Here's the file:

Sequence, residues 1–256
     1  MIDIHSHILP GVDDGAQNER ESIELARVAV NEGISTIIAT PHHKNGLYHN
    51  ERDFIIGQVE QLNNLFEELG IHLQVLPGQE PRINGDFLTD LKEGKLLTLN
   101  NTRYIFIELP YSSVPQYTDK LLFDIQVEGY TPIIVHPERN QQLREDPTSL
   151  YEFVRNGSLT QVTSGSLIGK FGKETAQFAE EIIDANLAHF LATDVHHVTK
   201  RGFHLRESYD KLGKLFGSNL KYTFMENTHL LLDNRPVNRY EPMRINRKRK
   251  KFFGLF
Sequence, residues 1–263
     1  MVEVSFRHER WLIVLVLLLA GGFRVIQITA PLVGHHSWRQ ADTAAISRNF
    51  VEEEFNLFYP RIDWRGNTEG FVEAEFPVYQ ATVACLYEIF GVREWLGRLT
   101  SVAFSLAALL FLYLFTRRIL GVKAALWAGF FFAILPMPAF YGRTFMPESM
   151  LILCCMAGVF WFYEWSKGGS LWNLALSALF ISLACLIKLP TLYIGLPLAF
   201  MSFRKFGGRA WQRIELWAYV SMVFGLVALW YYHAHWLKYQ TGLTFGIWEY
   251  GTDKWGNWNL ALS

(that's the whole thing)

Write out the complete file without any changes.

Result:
Sequence, residues 1–256
     1  MIDIHSHILP GVDDGAQNER ESIELARVAV NEGISTIIAT PHHKNGLYHN
    51  ERDFIIGQVE QLNNLFEELG IHLQVLPGQE PRINGDFLTD LKEGKLLTLN
   101  NTRYIFIELP YSSVPQYTDK LLFDIQVEGY TPIIVHPERN QQLREDPTSL
   151  YEFVRNGSLT QVTSGSLIGK FGKETAQFAE EIIDANLAHF LATDVHHVTK
   201  RGFHLRESYD KLGKLFGSNL KYTFMENTHL LLDNRPVNRY EPMRINRKRK
   251  KFFGLF
Sequence, residues 1–263
     1  MVEVSFRHER WLIVLVLLLA GGFRVIQITA PLVGHHSWRQ ADTAAISRNF
    51  VEEEFNLFYP RIDWRGNTEG FVEAEFPVYQ ATVACLYEIF GVREWLGRLT
   101  SVAFSLAALL FLYLFTRRIL GVKAALWAGF FFAILPMPAF YGRTFMPESM
   151  LILCCMAGVF WFYEWSKGGS LWNLALSALF ISLACLIKLP TLYIGLPLAF
   201  MSFRKFGGRA WQRIELWAYV SMVFGLVALW YYHAHWLKYQ TGLTFGIWEY
   251  GTDKWGNWNL ALS